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Turn your seminar into a webinar with Teams Live

"Teams Live Events" is just one option in running virtual events at the University

2020 may be coming to a close but virtual events, learning, and working aren’t going anywhere. Aspects of the switch to digital may even outlast the pandemic as more people are seeing the benefits and flexibility of remote events. The University’s faculty and staff have access to Microsoft Teams, which many have utilized for video and chat already. Did you know that Microsoft Teams also has an easy-to-use webinar feature called Teams Live Events? Anyone can easily run a live webinar-style event with just a little practice.

Teams Live Events have been used by the University for public webinars and events across campus. The Let’s Talk About Race discussion series was organized and implemented via Teams, as was the Accessibility Forum. If you have a virtual event coming up and are weighing your options for digital platforms, Teams Live Events are a great choice to consider.

There are many benefits to using Teams Live Events – it’s already included in the University’s software package and is integrated into the faculty and staff’s Office 365 accounts. There’s a 10,000-person limit to attending a Teams Live event, so you can have a ton of attendees at no additional cost. Students and individuals from outside the University community can attend a Teams Live event if you choose to allow that. After the webinar, they can use the same link that they used to access the event to watch a recording of it. There is a lot of flexibility in the way you set your event up, which means that Teams can be configured to meet your specific requirements. Plus, there is no time limit to a Teams Live Event – run the event as long as you’d like.

 Learning how to run a Teams Live event efficiently can take a bit of practice, and that’s definitely recommended. “The beauty is you can test as many times as you want before you have to do the real thing.” Says Jordan Tucker from Unified Communications. He and his colleague Kyle Combs have had quite a lot of experience working with Teams. They set up the Teams webpages for OIT, have designed and ran training for Teams at the University, and have helped set up Teams Live Events and Meetings.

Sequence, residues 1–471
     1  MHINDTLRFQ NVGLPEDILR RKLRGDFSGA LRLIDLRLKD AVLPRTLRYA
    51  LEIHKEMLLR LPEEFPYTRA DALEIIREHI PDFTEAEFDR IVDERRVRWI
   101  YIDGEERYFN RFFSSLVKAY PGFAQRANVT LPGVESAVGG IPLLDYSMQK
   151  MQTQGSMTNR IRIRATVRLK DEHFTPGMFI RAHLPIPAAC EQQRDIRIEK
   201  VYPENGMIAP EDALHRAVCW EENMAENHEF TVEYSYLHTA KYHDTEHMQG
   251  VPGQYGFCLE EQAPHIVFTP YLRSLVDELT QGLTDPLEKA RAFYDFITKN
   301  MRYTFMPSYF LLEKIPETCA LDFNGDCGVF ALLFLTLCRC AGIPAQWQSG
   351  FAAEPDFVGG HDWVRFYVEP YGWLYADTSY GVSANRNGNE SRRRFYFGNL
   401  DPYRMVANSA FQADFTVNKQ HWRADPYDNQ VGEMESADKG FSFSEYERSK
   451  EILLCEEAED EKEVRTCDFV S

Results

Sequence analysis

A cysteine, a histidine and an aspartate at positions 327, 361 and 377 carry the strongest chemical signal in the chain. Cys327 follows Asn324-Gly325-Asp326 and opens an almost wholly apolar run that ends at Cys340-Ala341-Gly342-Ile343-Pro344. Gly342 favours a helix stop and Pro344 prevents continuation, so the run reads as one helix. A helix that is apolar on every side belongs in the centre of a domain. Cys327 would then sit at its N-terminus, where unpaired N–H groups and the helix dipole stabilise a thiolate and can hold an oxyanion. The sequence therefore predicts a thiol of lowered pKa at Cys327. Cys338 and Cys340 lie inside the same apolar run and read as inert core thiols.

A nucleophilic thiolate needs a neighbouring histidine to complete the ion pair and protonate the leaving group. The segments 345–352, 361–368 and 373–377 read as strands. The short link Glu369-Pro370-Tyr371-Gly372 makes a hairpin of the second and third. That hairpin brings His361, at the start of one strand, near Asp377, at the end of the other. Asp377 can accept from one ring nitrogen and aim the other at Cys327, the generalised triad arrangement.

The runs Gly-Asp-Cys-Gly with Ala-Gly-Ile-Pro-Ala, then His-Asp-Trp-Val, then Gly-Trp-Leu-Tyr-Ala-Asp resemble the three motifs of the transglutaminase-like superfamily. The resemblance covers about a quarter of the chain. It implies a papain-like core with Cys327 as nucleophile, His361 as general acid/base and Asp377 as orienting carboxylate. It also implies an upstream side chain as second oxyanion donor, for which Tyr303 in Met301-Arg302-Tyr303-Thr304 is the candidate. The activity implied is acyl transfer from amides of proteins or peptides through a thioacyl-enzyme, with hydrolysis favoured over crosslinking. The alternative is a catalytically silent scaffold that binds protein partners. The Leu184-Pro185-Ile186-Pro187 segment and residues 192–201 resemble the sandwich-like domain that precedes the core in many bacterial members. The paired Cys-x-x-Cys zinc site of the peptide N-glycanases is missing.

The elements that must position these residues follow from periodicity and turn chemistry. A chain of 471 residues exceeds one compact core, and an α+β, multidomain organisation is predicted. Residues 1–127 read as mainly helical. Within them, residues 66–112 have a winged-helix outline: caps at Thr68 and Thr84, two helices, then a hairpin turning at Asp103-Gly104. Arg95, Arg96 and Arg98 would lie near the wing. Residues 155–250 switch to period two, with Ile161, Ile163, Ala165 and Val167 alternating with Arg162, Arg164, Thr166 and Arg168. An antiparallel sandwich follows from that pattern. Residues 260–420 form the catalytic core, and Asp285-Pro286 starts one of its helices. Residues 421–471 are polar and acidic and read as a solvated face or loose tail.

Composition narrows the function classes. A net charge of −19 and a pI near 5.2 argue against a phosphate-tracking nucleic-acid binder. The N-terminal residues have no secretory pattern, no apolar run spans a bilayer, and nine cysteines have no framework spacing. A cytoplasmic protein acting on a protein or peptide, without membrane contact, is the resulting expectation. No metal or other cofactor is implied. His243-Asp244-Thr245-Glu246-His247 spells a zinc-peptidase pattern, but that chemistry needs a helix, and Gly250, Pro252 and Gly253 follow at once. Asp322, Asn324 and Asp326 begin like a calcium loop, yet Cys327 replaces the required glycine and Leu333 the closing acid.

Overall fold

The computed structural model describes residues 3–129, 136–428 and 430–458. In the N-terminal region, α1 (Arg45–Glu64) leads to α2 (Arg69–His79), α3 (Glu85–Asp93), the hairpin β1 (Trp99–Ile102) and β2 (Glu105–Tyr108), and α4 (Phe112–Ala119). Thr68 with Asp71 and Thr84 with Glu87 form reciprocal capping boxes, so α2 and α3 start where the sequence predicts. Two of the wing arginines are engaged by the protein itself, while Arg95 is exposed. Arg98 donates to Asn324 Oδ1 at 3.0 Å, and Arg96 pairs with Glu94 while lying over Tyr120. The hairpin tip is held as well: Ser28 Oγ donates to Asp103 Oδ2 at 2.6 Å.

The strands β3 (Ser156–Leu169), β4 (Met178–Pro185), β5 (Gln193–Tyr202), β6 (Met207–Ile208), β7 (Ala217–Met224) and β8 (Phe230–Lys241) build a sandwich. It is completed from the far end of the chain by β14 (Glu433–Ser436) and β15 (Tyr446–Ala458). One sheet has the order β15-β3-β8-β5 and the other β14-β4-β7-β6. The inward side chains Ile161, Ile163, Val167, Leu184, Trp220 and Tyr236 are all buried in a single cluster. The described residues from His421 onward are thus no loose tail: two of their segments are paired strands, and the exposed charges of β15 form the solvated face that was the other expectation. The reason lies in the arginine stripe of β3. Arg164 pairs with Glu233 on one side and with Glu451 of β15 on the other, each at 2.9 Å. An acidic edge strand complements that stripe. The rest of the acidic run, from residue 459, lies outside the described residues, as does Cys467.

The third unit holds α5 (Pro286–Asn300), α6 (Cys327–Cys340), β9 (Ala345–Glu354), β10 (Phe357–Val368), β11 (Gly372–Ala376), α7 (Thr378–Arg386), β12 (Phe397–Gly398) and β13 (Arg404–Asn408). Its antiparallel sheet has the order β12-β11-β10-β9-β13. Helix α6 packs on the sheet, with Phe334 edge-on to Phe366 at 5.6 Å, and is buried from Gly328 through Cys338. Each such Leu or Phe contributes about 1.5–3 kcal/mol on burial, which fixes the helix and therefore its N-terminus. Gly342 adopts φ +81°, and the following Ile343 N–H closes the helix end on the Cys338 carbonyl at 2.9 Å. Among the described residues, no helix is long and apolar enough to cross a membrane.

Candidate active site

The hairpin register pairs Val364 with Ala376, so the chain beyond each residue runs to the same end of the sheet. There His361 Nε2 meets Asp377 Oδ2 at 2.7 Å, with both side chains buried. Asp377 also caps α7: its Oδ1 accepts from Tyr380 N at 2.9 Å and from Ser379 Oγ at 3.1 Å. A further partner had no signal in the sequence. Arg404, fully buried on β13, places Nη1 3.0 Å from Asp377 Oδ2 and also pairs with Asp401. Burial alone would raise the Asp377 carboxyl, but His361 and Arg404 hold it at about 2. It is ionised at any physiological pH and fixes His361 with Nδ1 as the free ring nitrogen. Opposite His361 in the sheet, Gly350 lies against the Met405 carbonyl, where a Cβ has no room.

It’s best to prepare for your virtual event like you would prepare for an actual in-person seminar. The bigger the event, the more rehearsal you should do beforehand. Kyle and Jordan have a few tips to make sure you have a successful event with Teams Live.

First, make sure it’s the right choice for you. Teams Live is a true broadcast meaning that the audience is there to listen and cannot speak via their microphones or turn on their cameras to be seen by others. They can enter questions into a Q & A, which is moderated on the back end so the event managers can choose if the participants’ questions are shown to the rest of the audience. If you are running an event in which more direct or unfiltered audience participation would be beneficial, consider making it a Teams Meeting instead. (Teams video meetings can still have up to 300 participants and dozens of configurable meeting options!)

Be thorough in designing the event. If you decide that a Teams Live Event is the right delivery method for your event, plan out your event carefully. Decide if you want it to be open to the public and students or closed down to just campus participants who have a Teams license.

Have a producer. This person should be dedicated to running the back end of the event. They can control which questions get published into the Q & A. If there are multiple speakers and multiple PowerPoint presentations to be projected, they can control who is “live” and sharing their camera and content at various times. This dedicated person to run the show should be someone that isn’t a presenter and can just focus on making things go smoothly behind the scenes.

Make sure everyone involved is prepared and knows the agenda and flow of the event. Practice at least once with every presenter and producer. This should be a full rehearsal so that the presenters know what it will be like when the producer sends them “live” to do their part of the presentation. The more time you can dedicate to preparing for the event, the more streamlined it will likely be.

“You need to practice a few times to get the hang of using Teams Live, but it’s really not too difficult nor too technical – anyone can do it.” Adds Jordan. After running three Teams Live events himself, Kyle said that he felt very comfortable as a producer.

There is more information and training resources available on the OIT Teams Live Events webpage and Kyle and Jordan both added that watching YouTube videos and checking out the Teams Live training directly from Microsoft was helpful, too. Teams Live Events are just one option that is available for use in running live, virtual events at the University. We encourage you to explore all your options and contact OIT if you have questions.



Angela Rudolph
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